Drawing the Line
Charlesdog recently asked a question that deserves closer attention:
Is there ever a line that we draw in “forgiveness”? What if one of your friends beat his wife, who was also one of your friends? Should you allow him in your house, even if he doesn’t repent? Can you really forgive him, or would it be empty forgiveness, like, “I know, I’m a Christian, so I have to forgive him, because that’s what I’m supposed to do.” When can we draw the line on unconditional love? Even if we “forgive” these people, could we really love them the way we should when we don’t trust him around our kids? Is there like an exception, when you are protecting people like your family, who you frankly love “more”?I think this is a great question, because it gets at the heart of the matter: where do we draw the line? Rather than answer it directly, however, let's turn it around first.
It seems to me this is precisely how we want God to treat us. We want our own absolute autonomy (freedom to do whatever we want) -AND- we expect him to forgive us no matter what we do (because after all, "God is love"). We want to have our cake and eat it too.
So how does God answer the question? He consistently calls us to do two things: repent and believe.
When we repent we acknowledge that we were wrong. That we actually have done things that are vile, that we deserve punishment, not mercy. It is impossible to be repentant and still believe that I can do whatever I want to do, because repentance implies morality, and morality implies a standard that is above and beyond me.
Most of us have no difficulty seeing the sin in others, the things they need to repent of. But we're a lot less inclined to point the finger at the guy in the mirror, because, quite frankly, we have a vested interest in seeing ourselves as the "good guys".
Now where things really get interesting is when we look at the second half of God's response. He doesn't call us to DO something (pennance, pushups, good works, whatever). He simply calls us to believe. Believe what?
God calls us to believe that he will forgive us because of what he has done in Christ on the cross, not because of anything in and of ourselves. Scripture calls this "putting your faith in Christ." (and believe me, the more I start to acknowledge my own sin, the more faith it takes to believe that God could actually forgive me).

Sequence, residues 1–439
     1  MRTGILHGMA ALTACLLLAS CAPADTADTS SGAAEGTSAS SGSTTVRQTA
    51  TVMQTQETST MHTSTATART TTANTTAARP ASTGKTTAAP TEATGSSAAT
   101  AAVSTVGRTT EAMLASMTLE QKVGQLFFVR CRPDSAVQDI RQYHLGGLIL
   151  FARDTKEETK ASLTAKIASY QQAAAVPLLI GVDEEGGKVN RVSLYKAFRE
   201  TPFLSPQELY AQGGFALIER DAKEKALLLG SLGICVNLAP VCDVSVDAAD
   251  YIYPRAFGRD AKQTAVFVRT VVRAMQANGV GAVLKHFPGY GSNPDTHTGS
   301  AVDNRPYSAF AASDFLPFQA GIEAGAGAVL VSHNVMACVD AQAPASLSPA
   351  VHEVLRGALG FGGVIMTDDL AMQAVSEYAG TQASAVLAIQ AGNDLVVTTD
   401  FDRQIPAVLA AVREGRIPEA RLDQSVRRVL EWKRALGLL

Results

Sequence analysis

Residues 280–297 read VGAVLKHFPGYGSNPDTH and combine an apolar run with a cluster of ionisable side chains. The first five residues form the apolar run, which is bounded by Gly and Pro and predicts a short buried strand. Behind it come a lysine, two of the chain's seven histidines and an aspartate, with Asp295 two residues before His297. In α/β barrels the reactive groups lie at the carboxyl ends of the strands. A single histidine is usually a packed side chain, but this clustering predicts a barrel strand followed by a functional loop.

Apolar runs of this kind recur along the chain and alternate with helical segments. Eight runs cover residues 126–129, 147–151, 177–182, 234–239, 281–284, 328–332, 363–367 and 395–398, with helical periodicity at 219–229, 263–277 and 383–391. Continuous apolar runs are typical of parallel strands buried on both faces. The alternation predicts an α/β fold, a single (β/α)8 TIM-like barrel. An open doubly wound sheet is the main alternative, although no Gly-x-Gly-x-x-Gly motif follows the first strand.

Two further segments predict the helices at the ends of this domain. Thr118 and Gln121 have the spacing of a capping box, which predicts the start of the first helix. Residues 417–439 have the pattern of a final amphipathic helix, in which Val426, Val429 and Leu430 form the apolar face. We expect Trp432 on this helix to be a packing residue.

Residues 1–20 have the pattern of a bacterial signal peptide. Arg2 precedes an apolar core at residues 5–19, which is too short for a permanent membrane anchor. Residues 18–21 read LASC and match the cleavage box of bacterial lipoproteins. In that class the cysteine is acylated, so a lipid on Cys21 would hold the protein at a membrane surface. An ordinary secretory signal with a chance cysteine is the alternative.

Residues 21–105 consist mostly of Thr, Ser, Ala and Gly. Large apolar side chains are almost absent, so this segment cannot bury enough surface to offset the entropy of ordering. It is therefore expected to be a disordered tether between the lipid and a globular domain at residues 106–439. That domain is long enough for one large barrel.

So what if your friend beats his wife? Should you forgive him? It depends on whether he is truly repentant - and only God can truly see his heart; that's why we need to be quick to give the benefit of the doubt.
But should I say something to him about it? That depends on whether I'm really his friend. Sometimes the easy way out is to simply say, "Hey, its alright. I'm ok. You're ok. We're all ok..." But that's a bunch of crap: it IS a big deal. You are beating your wife, man! And if I am really friends with his wife, then for her sake I had better tell him its wrong. And if I am really his friend, then for his sake too I had better say the same thing: "You have a problem! You need to deal with it, and if you can't, you need to get help."
Back to that mirror. What if we spit in God's face and worship ourselves rather than him? Should he forgive us? If we're really repentant, and believe God's promise, then yes, he will. Should he say something to us about it? That's exactly what he does through Scripture - he says we have a serious problem (sin), and we are utterly incapable of dealing with it ourselves. And that's why God sent Jesus to save us. Jesus is God's ultimate word to us (and we can only know him through Scripture).
Jesus reveals that our problems run deep, all the way to our hearts. And then he actually does something about it. He offers his righteousness (and everything that goes with it) in exchange for our sin (and everything that goes with that). But he only offers it to those who are willing to repent and believe.
I wish that wasn't the case, because there are times where I've actually wanted to hit my wife (and were probably times where she wanted to shoot me). Part of me really wishes I COULD do whatever I want and still be ok. But I've got friends who love me too much for that...
A real friend calls a spade a spade and tells it like it is. That's what we do with those we love. That's what God does with us. He never says that its all ok, but he does promise forgiveness for any sin - there is nothing which can separate us from God's love if we are united to Christ in faith.
That's where God draws the line...